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Prove that $$\int_0^\infty \frac{\sqrt{x}}{x^2+1}\log\left(\frac{x+1}{2\sqrt{x}}\right)\;dx=\frac{\pi\sqrt{2}}{2}\log\left(1+\frac{\sqrt{2}}{2}\right).$$ I managed to prove this result with some rather roundabout complex analysis (writing the log term as an infinite sum involving nested logs), but I am hoping for a more direct solution via complex or real methods. The log term seems to require a rather complicated branch cut, so I am unsure as to how to solve the problem with a different technique.

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We can transform the integral into a form that has only one simple branch point that needs to be considered. First, let $x=u^2$, and the integral is

$$\int_0^\infty dx \frac{\sqrt{x}}{x^2+1}\log\left(\frac{x+1}{2\sqrt{x}}\right) = 2 \int_0^{\infty} du \frac{u^2}{1+u^4} \log{\left ( \frac{1+u^2}{2 u} \right )} $$

which may be rewritten as

$$-2 \log{2} \int_0^{\infty} du \frac{u^2}{1+u^4} + 2 \int_0^{\infty} \frac{du}{u^2+\frac1{u^2}} \log{\left ( u+\frac1{u} \right )} \qquad (*)$$

Let's worry about the latter integral. By subbing $v=u+1/u$, we get (exercise for the reader):

$$2 \int_0^{\infty} \frac{du}{u^2+\frac1{u^2}} \log{\left ( u+\frac1{u} \right )} = 2 \int_2^{\infty} dv \frac{v}{\sqrt{v^2-4}} \frac{\log{v}}{v^2-2} $$

Finally, sub $v^2=y^2+4$, so we get

$$2 \int_0^{\infty} \frac{du}{u^2+\frac1{u^2}} \log{\left ( u+\frac1{u} \right )}= \frac12 \int_{-\infty}^{\infty} dy \frac{\log{(y^2+4)}}{y^2+2} $$

Now we have an integral ripe for the residue theorem. Consider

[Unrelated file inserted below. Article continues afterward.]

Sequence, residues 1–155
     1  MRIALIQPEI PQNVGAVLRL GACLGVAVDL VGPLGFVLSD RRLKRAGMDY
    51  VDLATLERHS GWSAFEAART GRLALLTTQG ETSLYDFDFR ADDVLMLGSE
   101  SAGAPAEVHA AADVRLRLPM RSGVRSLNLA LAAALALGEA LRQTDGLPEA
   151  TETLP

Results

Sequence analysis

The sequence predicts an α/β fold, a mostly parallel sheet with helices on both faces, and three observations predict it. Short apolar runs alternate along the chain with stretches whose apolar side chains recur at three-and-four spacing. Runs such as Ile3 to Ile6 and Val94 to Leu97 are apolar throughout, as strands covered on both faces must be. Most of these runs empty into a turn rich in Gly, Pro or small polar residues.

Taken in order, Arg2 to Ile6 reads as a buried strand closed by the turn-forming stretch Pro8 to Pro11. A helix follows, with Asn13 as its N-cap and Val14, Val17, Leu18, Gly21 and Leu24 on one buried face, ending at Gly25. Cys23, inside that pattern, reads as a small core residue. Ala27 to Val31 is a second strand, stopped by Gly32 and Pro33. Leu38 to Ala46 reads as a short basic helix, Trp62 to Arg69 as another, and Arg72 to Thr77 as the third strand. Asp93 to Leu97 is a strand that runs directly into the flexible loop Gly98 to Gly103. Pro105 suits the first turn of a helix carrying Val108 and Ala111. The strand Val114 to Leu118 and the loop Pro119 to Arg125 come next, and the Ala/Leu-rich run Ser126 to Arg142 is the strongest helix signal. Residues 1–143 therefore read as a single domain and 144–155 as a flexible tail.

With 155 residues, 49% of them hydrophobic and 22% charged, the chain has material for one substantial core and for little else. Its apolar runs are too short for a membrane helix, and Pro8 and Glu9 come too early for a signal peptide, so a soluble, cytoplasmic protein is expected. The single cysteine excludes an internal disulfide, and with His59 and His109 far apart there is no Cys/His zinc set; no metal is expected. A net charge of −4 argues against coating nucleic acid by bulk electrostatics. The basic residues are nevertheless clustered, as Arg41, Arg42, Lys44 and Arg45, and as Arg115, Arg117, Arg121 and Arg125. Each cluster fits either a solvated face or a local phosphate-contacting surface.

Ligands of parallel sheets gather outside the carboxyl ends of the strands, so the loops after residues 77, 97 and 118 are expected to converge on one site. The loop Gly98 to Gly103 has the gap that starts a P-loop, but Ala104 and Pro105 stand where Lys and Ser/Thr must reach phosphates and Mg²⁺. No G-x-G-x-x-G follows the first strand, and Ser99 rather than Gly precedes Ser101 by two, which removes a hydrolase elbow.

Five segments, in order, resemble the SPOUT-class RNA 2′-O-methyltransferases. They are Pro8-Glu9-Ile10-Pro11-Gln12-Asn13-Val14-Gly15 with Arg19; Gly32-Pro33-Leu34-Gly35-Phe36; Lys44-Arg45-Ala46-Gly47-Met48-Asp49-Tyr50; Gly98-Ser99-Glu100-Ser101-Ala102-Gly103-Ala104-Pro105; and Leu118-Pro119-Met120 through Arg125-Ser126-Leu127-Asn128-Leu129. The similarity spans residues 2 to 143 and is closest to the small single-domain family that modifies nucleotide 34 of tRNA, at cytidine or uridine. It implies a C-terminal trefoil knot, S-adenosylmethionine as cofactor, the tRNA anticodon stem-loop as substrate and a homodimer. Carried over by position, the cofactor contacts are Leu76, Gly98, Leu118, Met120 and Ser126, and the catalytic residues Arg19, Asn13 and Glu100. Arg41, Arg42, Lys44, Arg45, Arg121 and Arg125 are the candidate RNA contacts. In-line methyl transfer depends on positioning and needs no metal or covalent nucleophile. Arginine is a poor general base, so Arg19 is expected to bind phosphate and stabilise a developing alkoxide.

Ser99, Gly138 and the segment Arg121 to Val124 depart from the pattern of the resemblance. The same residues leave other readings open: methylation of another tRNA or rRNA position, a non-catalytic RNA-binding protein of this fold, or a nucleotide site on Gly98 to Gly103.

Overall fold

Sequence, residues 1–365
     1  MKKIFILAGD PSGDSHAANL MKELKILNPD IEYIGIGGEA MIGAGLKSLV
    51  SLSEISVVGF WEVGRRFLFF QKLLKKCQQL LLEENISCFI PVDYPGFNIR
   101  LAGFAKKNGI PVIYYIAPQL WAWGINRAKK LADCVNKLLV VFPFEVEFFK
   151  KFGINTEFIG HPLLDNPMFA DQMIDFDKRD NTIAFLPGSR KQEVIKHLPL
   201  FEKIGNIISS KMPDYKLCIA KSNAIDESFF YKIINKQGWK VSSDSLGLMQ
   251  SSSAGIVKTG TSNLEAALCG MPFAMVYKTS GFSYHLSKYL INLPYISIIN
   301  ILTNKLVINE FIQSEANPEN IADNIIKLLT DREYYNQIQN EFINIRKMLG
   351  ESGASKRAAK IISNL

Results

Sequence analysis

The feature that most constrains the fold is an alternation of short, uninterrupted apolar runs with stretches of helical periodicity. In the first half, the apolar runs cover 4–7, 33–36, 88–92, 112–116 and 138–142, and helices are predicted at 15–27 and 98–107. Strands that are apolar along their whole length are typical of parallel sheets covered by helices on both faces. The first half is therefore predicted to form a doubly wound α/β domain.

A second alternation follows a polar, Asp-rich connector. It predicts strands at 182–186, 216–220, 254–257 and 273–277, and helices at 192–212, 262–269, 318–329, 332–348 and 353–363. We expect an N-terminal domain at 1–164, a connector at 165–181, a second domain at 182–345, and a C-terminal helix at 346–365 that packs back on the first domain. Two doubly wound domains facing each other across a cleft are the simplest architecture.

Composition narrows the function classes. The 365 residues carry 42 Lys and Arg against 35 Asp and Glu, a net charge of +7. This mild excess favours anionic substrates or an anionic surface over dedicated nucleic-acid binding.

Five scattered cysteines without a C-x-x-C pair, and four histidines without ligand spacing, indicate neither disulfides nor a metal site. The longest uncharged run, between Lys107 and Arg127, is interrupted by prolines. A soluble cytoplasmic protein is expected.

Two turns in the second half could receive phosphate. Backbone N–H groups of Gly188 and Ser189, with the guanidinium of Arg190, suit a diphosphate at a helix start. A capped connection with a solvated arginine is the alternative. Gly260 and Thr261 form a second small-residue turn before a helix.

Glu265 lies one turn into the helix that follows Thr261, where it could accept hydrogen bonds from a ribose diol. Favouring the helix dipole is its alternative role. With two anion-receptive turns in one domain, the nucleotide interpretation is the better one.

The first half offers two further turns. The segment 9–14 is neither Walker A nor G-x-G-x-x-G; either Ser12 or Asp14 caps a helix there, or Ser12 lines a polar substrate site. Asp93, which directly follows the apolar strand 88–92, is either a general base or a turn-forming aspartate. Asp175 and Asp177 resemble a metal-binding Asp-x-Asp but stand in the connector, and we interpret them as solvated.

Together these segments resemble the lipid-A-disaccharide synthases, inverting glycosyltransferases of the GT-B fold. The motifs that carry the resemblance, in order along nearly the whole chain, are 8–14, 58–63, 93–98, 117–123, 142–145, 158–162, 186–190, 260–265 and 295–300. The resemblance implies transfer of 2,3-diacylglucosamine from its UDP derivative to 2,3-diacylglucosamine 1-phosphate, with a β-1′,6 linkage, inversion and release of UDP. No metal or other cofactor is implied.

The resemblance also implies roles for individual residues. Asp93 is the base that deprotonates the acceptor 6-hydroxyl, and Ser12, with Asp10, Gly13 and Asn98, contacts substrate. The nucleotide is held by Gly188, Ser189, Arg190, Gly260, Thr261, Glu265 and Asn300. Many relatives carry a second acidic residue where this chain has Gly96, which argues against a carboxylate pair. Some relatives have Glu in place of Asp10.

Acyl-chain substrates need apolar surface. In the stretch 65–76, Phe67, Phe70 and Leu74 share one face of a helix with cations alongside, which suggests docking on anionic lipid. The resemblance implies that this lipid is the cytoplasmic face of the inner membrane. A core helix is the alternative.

$$\oint_C dz \frac{\log{(z^2+4)}}{z^2+2} $$

where $C$ is a semicircle of radius $R$ in the upper half plane, with a detour about the branch point at $z=i 2$ and up and down the imaginary axis. (For a picture, see this.) By the residue theorem, the contour integral is equal to

$$\underbrace{\int_{-\infty}^{\infty} dx \frac{\log{(x^2+4)}}{x^2+2}}_{\text{Integral over the real axis}} \underbrace{-i 2 \pi (i) \int_2^{\infty} \frac{dy}{2-y^2}}_{\text{integral over imaginary axis about branch point } z=i 2} = i 2 \pi \underbrace{\frac{\log{2}}{i 2 \sqrt{2}}}_{\text{residue at pole }z=i \sqrt{2}} $$

Thus, the second integral in (*) is equal to

$$\pi \int_2^{\infty} \frac{dy}{y^2-2} + \frac{\pi}{2 \sqrt{2}} \log{2} $$

and

$$\int_2^{\infty} \frac{dy}{y^2-2} = \frac{1}{2 \sqrt{2}} \log{(3+2 \sqrt{2})} $$

For the first integral in (*), we may use the residue theorem again, this time over a simple quarter-circle $Q$ in the upper right half plane. Thus, the integral we seek is, by the residue theorem,

$$\oint_Q dz \frac{z^2}{1+z^4} = (1+i) \int_0^{\infty} du \frac{u^2}{1+u^4} = i 2 \pi \frac{e^{i 2 \pi/4}}{4 e^{i 3 \pi/4}} $$

Thus,

$$\int_0^{\infty} du \frac{u^2}{1+u^4} = \frac{\pi}{2 \sqrt{2}} $$

Putting this all together, we finally get that the original integral is equal to

$$\int_0^\infty dx \frac{\sqrt{x}}{x^2+1}\log\left(\frac{x+1}{2\sqrt{x}}\right) =-\frac{\pi}{\sqrt{2}} \log{2} + \frac{\pi}{2 \sqrt{2}} \log{(3+2 \sqrt{2})} + \frac{\pi}{2 \sqrt{2}} \log{2} $$

or

$$\int_0^\infty dx \frac{\sqrt{x}}{x^2+1}\log\left(\frac{x+1}{2\sqrt{x}}\right) = \frac{\pi}{\sqrt{2}} \log{\left ( 1+\frac1{\sqrt{2}} \right )} $$

as was to be shown.

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  • $\begingroup$ Excellent solution - thank you for the detailed explanation! $\endgroup$ – Showhat Aug 20 '15 at 18:52
  • $\begingroup$ @RonGordon Well done. I proceeded a bit differently ... but recovered the same result. $\endgroup$ – Mark Viola Aug 20 '15 at 21:48
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We begin by writing the integral of interest $I$ as

$$\begin{align} I&=\int_0^{\infty} \frac{x^{1/2}}{x^2+1}\log\left(\frac{x+1}{2x^{1/2}}\right)\,dx\\\\ &=I_1+I_2+I_3 \end{align}$$

where